IAMAT |International Association of Medical Assistance to Travellers| IAMAT |International Association of Medical Assistance to Travellers|
55th Year - Going Confidently for 55 years
55th Year - Going Confidently for 55 years

Viral Encephalitis

Description

Viral Encephalitis is a symptom caused by arthropod-borne viruses also known as arboviruses. These viruses, belonging to the Togaviridae, Flaviviridae, and Bunyaviridae families, are zoonoses (animal infections that can spread to humans) that are transmitted by mosquitoes, ticks, moth flies, and sand flies who feed on mammals and birds. Humans become ill when they get bitten by infected insects since the viruses target the Central Nervous System. Arboviruses are not transmitted from person to person.

Venezuelan Equine Encephalitis (VEE), Eastern Equine Encephalitis (EEE), Western Equine Encephalitis (WEE), St. Louis Encephalitis (SLE), and La Crosse Encephalitis (LAC) are illnesses caused by infected mosquitoes while Powassan Encephalitis (POW) is caused by ticks. There is no vaccine or preventive medication against these illnesses.

>> Travel health advice for other arboviral illnesses: Japanese Encephalitis, Tick-Borne Encephalitis, and West Nile Virus

Risk

Arboviruses are found worldwide and the transmission period is seasonal, typically from Spring to Fall. Travellers involved in outdoor activities such as hiking, camping, ecotourism, and agricultural work are at greater risk. Persons with a weak immune system, children, and the elderly are more susceptible to the infection.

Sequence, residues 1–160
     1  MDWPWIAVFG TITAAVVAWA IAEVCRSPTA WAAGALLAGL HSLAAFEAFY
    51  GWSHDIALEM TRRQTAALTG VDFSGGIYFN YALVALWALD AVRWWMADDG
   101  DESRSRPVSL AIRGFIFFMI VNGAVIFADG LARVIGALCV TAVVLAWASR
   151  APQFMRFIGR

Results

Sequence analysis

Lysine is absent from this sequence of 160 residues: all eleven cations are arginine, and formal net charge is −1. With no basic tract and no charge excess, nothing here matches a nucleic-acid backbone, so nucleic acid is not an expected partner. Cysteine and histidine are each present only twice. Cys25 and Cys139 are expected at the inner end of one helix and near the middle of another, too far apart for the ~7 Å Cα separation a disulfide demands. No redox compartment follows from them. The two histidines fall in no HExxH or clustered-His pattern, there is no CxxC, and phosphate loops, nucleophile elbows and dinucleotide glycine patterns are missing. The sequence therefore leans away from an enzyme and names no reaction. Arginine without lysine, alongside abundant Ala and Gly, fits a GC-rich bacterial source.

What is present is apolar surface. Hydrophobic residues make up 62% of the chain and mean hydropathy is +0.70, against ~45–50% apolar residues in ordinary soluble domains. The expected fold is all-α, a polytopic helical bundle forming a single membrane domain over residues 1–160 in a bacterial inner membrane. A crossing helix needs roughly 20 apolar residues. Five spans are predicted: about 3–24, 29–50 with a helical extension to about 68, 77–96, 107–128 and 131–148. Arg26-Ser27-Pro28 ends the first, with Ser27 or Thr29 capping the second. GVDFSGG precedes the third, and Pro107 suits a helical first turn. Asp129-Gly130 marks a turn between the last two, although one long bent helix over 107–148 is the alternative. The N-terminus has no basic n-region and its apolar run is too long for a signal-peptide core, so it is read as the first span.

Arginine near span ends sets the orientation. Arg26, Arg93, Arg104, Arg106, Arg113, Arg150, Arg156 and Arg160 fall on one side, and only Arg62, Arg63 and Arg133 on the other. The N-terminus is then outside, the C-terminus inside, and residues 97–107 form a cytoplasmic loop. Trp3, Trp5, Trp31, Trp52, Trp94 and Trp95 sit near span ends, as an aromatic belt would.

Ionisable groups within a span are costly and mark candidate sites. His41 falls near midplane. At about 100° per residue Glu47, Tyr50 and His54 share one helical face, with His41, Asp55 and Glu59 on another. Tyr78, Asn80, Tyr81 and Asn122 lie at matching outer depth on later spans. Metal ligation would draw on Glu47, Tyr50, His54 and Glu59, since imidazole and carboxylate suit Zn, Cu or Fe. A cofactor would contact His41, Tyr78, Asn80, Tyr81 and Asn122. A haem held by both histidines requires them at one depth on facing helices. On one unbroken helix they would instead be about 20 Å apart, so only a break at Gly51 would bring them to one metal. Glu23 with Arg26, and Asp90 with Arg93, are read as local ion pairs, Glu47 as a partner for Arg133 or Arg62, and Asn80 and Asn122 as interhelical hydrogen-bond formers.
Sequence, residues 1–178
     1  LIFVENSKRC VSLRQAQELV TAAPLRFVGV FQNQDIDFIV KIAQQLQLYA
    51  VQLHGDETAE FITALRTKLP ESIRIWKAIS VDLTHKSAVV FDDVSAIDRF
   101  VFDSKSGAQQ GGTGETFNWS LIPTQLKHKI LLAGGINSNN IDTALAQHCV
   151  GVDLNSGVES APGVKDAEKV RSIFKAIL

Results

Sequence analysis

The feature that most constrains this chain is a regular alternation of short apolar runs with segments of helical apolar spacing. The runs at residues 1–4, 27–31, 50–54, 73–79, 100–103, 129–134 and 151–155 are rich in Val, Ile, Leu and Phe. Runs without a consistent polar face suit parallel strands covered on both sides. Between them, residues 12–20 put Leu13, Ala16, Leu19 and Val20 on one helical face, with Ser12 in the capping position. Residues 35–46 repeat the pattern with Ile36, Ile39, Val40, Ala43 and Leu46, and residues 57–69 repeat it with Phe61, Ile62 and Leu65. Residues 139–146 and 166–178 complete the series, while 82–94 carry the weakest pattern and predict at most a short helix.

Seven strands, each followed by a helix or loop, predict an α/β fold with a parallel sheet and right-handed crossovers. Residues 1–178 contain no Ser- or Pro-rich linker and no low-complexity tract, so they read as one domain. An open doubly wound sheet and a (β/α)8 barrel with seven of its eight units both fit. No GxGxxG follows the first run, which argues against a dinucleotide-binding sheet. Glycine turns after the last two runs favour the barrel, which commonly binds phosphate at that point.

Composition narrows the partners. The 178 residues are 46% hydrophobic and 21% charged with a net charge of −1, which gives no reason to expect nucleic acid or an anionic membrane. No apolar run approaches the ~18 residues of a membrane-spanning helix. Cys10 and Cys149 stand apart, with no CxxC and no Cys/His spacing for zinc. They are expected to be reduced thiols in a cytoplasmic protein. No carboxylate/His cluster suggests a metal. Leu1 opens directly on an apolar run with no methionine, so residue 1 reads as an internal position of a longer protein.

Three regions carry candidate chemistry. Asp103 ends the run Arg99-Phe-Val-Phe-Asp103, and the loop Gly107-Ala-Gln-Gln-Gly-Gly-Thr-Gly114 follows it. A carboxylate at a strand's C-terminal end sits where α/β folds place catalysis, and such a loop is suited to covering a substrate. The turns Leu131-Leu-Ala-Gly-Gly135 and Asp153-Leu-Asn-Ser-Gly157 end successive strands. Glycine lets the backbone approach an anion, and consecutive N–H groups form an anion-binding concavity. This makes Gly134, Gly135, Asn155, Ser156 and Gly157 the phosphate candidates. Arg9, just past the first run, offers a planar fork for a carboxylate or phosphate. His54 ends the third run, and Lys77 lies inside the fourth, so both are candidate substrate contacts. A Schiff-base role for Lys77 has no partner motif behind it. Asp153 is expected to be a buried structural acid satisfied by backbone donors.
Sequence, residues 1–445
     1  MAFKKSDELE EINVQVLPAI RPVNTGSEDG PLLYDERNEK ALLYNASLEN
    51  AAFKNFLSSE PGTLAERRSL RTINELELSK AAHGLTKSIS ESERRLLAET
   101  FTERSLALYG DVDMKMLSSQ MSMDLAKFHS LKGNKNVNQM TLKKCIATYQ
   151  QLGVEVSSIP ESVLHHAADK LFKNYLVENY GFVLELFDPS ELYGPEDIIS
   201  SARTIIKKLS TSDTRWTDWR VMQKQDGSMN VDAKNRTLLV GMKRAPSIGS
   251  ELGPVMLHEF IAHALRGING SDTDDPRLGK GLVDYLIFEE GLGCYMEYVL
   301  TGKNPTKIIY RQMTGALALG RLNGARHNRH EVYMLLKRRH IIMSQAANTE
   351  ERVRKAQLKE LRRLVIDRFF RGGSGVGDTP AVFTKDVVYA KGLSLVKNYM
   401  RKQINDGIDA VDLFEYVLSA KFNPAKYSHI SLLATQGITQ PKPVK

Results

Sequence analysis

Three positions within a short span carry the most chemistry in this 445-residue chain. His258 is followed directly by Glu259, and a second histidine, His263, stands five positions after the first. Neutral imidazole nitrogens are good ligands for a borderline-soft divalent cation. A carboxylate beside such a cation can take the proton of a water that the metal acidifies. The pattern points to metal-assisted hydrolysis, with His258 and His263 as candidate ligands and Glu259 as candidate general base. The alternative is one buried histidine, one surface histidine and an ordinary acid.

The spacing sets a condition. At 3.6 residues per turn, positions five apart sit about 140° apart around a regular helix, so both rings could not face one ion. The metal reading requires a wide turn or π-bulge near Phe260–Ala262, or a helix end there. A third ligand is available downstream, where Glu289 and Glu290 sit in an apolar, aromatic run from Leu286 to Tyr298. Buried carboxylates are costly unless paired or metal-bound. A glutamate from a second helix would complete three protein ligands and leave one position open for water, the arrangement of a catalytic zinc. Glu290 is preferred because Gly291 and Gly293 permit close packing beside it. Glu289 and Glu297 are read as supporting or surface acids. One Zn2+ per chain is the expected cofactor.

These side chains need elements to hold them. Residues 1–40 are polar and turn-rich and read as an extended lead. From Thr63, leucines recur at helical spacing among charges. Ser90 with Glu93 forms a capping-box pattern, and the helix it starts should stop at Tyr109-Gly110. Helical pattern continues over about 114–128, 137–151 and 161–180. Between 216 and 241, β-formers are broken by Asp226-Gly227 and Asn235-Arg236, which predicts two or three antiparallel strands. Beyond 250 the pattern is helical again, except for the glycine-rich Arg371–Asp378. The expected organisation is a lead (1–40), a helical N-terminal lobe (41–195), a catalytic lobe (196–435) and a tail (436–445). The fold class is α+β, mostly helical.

Symptoms

Most infections are asymptomatic (persons do not exhibit symptoms). Those who do, typically present flu-like symptoms including fever, headache, muscle pain, chills, nausea, vomiting, and general weakness within days of being bitten by an infected insect. In some patients, neurological symptoms can develop including confusion, convulsions, drowsiness, and behavioural changes. The illnesses can progress to inflammation of the brain, respiratory system disorders, coma, and sometimes death. Treatment includes supportive care of symptoms.

Prevention

Travellers should take measures to prevent insect bites including a DEET-containing repellent to exposed skin, applying permethrin spray (or solution) to clothing and gear, wearing long sleeves and pants. Get rid of water containers around dwellings and ensuring that door and window screens work properly to avoid mosquito bites.

To prevent tick bites, stay away from tall grasses and shrubs. Wear light coloured clothing, and long shirts and pants tucked into socks. Carefully examine your clothing, gear, and pets for ticks before entering a dwelling. Regularly check your body for ticks and promptly remove using tweezers by grasping the tick's head and mouth parts as much as possible and by pulling perpendicular from the skin. Thoroughly disinfect the bite site with soap and water or alcohol. If travelling in an endemic area, you may want to save the tick in a zip-lock bag or empty container to have it analyzed through your healthcare practitioner.

Viral Encephalitis has been reported in:

Travel Health Journal

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